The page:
But before the rants, here are the WaPo’s recommendations for what to look for in a mask. You probably already know most of this because you are smart and well-informed, but just in case…
“So, we’re not going to recommend any specific brands. There simply hasn’t been enough medical research comparing retail mask options for us to rank any particular product over others. But we can tell you what to avoid, and give you some advice to help you narrow your web searches and shopping list.
“Avoid futuristic or gimmicky looking masks. Quite a few sellers have been advertising masks with “breathable valves” or vents sewn into the fabric. These don’t work, according to the Centers for Disease Control and Prevention. No matter how slick it looks, the valve defeats the purpose of the mask, which is to completely cover and filter your airways. Stay away from any mask with zippers, Velcro or mouth flaps for the same reasons.
“Surgical masks are good, if you can get one. The safest mask you can wear is an N95 mask, but these are in short supply and generally reserved for medical professionals. Simpler surgical or “medical procedure” masks — the powder blue ones in every hospital TV show you’ve ever seen — are good too, but again, you may have trouble finding a genuine one, depending where you live.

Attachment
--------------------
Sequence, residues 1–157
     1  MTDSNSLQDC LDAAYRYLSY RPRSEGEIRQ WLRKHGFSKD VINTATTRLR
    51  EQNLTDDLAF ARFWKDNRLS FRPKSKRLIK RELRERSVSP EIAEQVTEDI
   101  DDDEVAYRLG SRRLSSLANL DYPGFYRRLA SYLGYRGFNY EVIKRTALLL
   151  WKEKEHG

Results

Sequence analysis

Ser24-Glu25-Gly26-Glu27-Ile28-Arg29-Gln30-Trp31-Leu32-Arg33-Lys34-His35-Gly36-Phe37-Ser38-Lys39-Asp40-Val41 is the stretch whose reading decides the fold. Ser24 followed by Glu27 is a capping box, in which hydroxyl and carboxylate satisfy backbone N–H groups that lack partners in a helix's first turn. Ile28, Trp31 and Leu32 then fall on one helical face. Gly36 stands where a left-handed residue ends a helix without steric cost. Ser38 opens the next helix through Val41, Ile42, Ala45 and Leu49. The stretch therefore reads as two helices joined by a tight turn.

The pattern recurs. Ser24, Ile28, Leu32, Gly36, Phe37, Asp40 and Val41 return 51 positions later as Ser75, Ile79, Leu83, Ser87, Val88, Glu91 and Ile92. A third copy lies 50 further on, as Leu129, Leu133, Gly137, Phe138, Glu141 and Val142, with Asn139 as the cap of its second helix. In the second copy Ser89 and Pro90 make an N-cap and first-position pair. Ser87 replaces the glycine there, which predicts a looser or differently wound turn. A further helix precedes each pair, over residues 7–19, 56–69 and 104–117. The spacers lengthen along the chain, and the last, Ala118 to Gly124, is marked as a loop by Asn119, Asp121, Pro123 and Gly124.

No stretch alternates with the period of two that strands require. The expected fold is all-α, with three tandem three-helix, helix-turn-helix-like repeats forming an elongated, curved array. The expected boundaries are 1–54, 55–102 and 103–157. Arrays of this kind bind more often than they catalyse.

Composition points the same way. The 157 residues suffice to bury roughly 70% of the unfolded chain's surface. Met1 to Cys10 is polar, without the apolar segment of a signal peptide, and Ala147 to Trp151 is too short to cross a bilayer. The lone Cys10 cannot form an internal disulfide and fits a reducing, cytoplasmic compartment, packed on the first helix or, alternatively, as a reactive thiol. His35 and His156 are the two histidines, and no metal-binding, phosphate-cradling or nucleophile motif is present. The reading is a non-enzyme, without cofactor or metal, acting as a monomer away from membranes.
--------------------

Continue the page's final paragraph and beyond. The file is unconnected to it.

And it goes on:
“That leaves the wide, wide world of simple fabric masks sold online and in stores. Many of them resemble the blue TV doctor masks, while others have patterns and look more like an article of clothing. How to pick the best one?
“Look for quality material. A non-peer reviewed study by the Royal Society found that masks with a high thread-count, made of cotton or a cotton-blend fabric performed better than competitors. Definitely stay away from loose-woven or knitted material, as well as neck gaiters. Also stay away from material that’s hard to breathe through, such as vinyl.
“Layers are good. Masks work by physically catching infectious particles as soon as they leave your mouth. Some particles will manage to pass through the first layer of fabric, so good masks should have at least two layers. Tom Frieden, who directed the CDC for eight years during the Obama administration, recommends looking for masks made of three layers.
“Washable is good. A good quality cotton-based mask can simply be hand washed with detergent or thrown in the washing machine at the end of the day, per the CDC. Just make sure you wash it after every use, or the mask can build up bacteria that you’ll be breathing in the next time you wear it.
“A web search should turn up plenty of options for washable, cotton-based, double or triple layer face masks. Any of them will be better than wearing no mask, and the differences between them may not be a matter of objective quality so much as which one works best for you.
“The mask needs to fit you, literally: If it’s too big and fits loosely around your cheeks, unfiltered air will leak out the edges. If it’s too small, it won’t fully cover your airways. But a mask also needs to fit your lifestyle and personal quirks. Find one that is comfortable and that you like wearing (or at least don’t totally hate.) It won’t matter how high the thread count is or how well it filters microscopic particles if you can’t stand keeping it on your face.”